In a time when many us feel the world has totally lost its empathy, it was so wonderful for “Un-Block the Music” to meet Mary Mitchell-Campbell, conductor, music director, orchestrator, composer, arranger and humanitarian. While serving as musical director for many New York musicals and tours, currently on Broadway’s Mean Girls, she is also founder and co-executive director of Artists Striving To End Poverty, a nonprofit organization that teaches children in extreme situations how to use the arts as a tool for life skills, healing, and connection https://astep.org.
While ASTEP has never been an organization concentrated on fighting hunger, this pandemic has temporarily changed ASTEPs focus to make sure people are fed. “Our kids, already in difficult situations are now in more trouble,” Mary-Mitchell says. ASTEP has started a food distribution program, Filling the Food Gap, in partnership with the Red Hook Container Terminal and the NYCEDC. This program provides direct service and food distribution to Abraham House located in the South Bronx.
When the shutdown began, she and Raul Esparza (Company, Speed-The Plow), put together Take Me to the World: A Sondheim 90th Birthday Celebration, a virtual gala that raised over $260,000 for ASTEP in 24 hours, according to Broadway.com. As the concert’s musical director, Mary-Mitchell was in charge of creating new arrangements and working with the artist’s so their performances were perfect as if they were performing live in front of an audience. The list of artists was a long one, but here’s a sample: Annaleigh Ashford, Christine Baranski, Laura Benanti, Sutton Foster, Josh Groban, Neil Patrick Harris, Patti Lupone, Lin-Manuel Miranda, Ben Platt, Meryl Streep….If you haven’t seen it…go watch it now…and donate! https://www.broadway.com/sondheim90
While many successful artists are humanitarians, Mary-Mitchell’s calling started even earlier when she was in college. She was always interested in people and their storytelling. Witness that in the fact that she studied psychology and sociology in high school and double majored in religion and piano at Furman University. But it was actor Paul Newman, who was the bridge connecting her music career and charity work.
“I had two amazing mentors,” she says. After moving to New York, Mary-Mitchell played piano for a Broadway Cares benefit and, it was there she met Broadway musical director Jack Lee. He got her a job on a revival of Sweet Charity at Lincoln Center where she worked with composer Cy Coleman. “He took me under his wing and really invested a lot in me. He was very interested in mentoring and working with woman and had a lot of women collaborators. It was Cy who introduced me to Paul Newman. I became involved in all of his humanitarian work. I worked all of his big fund raisers all over the country for kids. I admired and followed his example of leveraging his acting career for the greater good. It was inspiring.”
When someone’s path to success is written on paper (or computer), it sounds a lot easier than it actually was. Mary-Mitchell was born in Eastern North Carolina to a non-musical family. “As a voracious reader, I would check out many books from the library every week. I was a nerdy bizarre child,” she jokes. “I always wanted to play piano, and asked for one for Christmas when I was 3 years old! But, I actually started playing piano when I was just 6, at church mostly.”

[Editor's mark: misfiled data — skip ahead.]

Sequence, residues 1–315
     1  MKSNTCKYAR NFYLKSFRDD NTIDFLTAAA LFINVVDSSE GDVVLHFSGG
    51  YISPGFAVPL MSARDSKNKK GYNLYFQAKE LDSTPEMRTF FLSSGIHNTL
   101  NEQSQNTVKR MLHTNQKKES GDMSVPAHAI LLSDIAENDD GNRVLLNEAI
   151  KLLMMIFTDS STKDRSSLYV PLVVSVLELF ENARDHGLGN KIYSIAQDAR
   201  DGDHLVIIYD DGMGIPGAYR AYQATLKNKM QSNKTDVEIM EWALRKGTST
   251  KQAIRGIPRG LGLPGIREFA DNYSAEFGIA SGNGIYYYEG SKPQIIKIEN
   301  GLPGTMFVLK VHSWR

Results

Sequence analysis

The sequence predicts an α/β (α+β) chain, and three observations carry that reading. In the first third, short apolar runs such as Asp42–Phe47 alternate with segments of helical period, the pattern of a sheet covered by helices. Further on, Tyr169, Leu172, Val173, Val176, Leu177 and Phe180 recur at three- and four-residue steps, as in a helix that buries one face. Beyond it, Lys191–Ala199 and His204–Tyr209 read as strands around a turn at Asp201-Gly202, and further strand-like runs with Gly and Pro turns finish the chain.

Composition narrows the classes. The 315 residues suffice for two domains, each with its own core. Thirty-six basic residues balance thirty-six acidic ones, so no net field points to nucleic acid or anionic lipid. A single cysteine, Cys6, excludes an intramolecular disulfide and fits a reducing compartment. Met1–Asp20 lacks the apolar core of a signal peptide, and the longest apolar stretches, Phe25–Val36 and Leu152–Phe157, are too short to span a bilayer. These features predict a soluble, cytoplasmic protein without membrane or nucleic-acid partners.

Mary-Mtichell learned to play piano by ear listening to the radio. “When I was 16 years old, I went to North Carolina School of the Arts which was a high school/college. While I played classical piano very intensely, I also discovered musical theater. I decided I didn’t like the isolation of classical piano. I wanted to do something more ‘team sport oriented!’”
While that was Mary- Mitchell’s early chapter, everything really came together for her in New York. After Cy Coleman, her next big mentor was Stephen Sondheim. She met Director John Doyle and worked with him on Sondheim’s Company. She ended up doing three shows with that team, including Road Show.
In between all of her other work, “Un-Block The Music” wants to give a nod to her work as a teacher as well. Mary-Mitchell, after all, was one of the youngest people ever to teach at The Juilliard School in New York.
Despite all of her successes, Mary-Mitchell says all women face sexism, but there has also been times she was hired because she is a woman. “It’s harder to break in…harder to get through the door, and that is why Georgia (Stitt, her best friend) and I work so hard to pay it forward.” Admittedly, there is not one week that goes by that a person isn’t surprised by the job she does on Broadway. Overall, however, she says she was lucky to be in the right place to meet the mentors she did. After her work with Sondheim, she went on to work on such shows as Next to Normal, Addams Family, Tuck Everlasting, Kristen Chenoweth’s recent For The Girls. When the shutdown happened, she was working at Mean Girls on Broadway and helping get its tour and the tour for Prom ready to go. For now, she continues to work on virtual events, and learn a lot about production from home!